For BPCL, in which the government is selling 52.98 per cent stake, the deadline has been extended till July 31. For 100 per cent stake sale in Air India, the deadline for bid submission is now August 31.
Pandey said since strategic disinvestment involves a long-term commitment, investors engage deeply into the transaction, which includes site visits.
“Normally strategic disinvestment takes 8-9 months…. To a lot of extent COVID has put a brake on this because international travel has virtually stopped. To some extent, we have to grant extension to some of the EoIs that we have issued. It is not that the investors are not engaged, but they want more time. Because one thing which is not open yet is international travel,” he said.
The official asserted that the government’s policy has marked a change from selling only loss making public sector units to profit making ‘blue-eyed boys’, like BPCL.
“Strategic disinvestment completing what we have done (initiated the process) is a matter of priority. Also building up a healthy pipeline… The idea is we are trying to give more space to private sector in terms of brownfield investments. Once these enterprises are strategically privatised,” Pandey said at a Ficci event here.
Talking about Air India sale, he said the government has restructured the Expression of Interest (EoI) of Air India to attract investors.
“We restructured the EoI of Air India with deep sense of responsibility that we will be successful this time. A lot of debt restructuring was done, rationality was brought in balance sheet, concerns of investors were met in EoI.
“Unfortunately COVID has led to a situation where travel market is in a state of uncertainty, so therefore people are waiting and watching, so people will have to persist and persevere in these transactions…and I am sure we will certainly see the light of the day in privatisation that we have been waiting for,” he said.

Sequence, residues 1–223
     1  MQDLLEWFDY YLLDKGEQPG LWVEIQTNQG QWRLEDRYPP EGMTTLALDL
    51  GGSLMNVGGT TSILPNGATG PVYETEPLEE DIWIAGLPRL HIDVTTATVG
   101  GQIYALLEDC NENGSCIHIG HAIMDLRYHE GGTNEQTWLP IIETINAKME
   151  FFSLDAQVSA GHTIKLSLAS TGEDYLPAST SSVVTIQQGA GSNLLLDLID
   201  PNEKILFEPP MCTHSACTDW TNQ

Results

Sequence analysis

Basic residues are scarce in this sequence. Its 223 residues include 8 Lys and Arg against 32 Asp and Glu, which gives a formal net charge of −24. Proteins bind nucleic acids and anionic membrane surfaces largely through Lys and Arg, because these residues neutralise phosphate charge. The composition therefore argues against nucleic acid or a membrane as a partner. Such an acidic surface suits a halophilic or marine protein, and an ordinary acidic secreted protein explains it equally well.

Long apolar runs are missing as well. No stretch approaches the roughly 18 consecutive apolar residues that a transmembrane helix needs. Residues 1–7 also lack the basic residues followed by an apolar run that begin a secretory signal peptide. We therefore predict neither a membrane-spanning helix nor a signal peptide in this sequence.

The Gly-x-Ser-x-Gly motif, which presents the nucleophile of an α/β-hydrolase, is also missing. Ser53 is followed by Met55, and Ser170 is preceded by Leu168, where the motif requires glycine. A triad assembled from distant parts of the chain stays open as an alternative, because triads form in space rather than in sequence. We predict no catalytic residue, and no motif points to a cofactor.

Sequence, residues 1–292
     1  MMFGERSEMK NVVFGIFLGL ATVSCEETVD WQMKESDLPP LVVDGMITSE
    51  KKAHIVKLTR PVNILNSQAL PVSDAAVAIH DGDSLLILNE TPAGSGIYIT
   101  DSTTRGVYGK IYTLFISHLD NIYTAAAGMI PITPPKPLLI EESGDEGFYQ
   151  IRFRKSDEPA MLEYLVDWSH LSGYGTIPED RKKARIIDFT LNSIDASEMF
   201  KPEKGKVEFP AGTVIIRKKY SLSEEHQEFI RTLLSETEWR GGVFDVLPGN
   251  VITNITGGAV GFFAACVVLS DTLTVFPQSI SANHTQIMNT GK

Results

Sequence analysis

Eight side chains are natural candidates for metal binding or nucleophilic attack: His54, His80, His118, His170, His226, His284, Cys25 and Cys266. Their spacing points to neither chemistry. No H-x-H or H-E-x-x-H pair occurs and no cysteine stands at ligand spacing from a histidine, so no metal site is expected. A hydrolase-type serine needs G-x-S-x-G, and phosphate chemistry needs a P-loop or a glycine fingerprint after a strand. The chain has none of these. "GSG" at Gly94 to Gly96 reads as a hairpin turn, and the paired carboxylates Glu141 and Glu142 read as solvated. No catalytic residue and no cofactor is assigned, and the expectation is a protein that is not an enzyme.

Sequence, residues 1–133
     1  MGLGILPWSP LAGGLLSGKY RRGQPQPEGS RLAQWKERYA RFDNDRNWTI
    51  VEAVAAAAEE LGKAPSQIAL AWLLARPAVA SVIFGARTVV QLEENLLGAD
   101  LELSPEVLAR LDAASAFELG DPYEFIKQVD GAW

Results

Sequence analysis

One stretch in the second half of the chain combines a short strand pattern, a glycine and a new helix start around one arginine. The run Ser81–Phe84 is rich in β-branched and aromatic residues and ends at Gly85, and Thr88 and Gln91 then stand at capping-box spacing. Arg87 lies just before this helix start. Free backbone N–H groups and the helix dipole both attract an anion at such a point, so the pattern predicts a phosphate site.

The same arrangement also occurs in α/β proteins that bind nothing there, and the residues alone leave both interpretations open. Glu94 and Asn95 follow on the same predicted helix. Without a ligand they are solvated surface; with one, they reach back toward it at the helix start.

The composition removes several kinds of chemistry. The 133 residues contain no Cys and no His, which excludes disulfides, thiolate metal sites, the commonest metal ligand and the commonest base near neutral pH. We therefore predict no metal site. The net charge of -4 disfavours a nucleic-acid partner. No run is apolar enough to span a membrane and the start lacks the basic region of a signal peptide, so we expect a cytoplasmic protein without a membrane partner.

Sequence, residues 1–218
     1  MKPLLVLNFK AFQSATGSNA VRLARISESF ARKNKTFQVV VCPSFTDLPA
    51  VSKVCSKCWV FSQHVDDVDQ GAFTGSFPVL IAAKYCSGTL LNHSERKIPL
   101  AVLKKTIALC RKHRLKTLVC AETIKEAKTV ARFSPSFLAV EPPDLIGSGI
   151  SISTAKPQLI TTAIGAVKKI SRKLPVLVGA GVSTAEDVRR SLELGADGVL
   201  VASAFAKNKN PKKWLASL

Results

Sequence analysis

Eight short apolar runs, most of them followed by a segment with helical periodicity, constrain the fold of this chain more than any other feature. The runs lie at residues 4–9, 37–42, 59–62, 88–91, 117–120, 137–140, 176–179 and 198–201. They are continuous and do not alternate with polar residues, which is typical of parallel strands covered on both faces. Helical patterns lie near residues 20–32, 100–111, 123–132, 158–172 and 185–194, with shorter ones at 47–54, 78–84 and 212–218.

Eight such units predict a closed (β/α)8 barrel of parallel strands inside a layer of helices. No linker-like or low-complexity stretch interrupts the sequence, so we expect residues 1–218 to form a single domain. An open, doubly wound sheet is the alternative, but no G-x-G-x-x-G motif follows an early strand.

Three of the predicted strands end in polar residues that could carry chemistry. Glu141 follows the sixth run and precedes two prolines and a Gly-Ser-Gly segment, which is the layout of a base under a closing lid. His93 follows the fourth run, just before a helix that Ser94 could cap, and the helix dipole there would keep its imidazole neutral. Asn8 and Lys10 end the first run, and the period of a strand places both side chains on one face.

Pandey said that it would be important to sell the CPSEs at the right value and build a healthier pipeline for strategic disinvestment so that such stake sale takes place on regular basis.
For 2020-21, the government has set a disinvestment target of Rs 2.10 lakh crore. Of this, Rs 1.20 lakh crore will come from disinvestment of public sector undertakings and another Rs 90,000 crore from stake sale in financial institutions.
The government in May announced that a new coherent Public Sector Enterprises Policy will be formulated to push reforms in Central Public Sector Enterprises (CPSEs).
Under the Policy, a list of strategic sectors will be notified where there will be at least one, and a maximum of 4 public sector enterprises, apart from private sector companies. In other sectors, CPSEs will be privatised depending upon the feasibility.
The Department of Investment and Public Asset Management (DIPAM), which manages the CPSE stake sale process, has also set into motion the process of listing of the country’s largest insurer Life Insurance Corporation (LIC) and appointed pre-IPO transaction advisor.
The government is looking at listing the country’s largest life insurer on domestic bourses in January-March quarter of the current fiscal.
In the 2020-21 Budget, Finance Minister Nirmala Sitharaman had announced the government’s plan to sell a part of its holding in LIC by way of Initial Public Offer (IPO).
So, this fiscal, the government has not been able to sell stake in any CPSE as coronavirus outbreak has impacted equity markets. However, through Bharat Bond ETF-II the government has garnered subscription worth Rs 11,000 crore for ‘AAA’ rated bonds of CPSEs.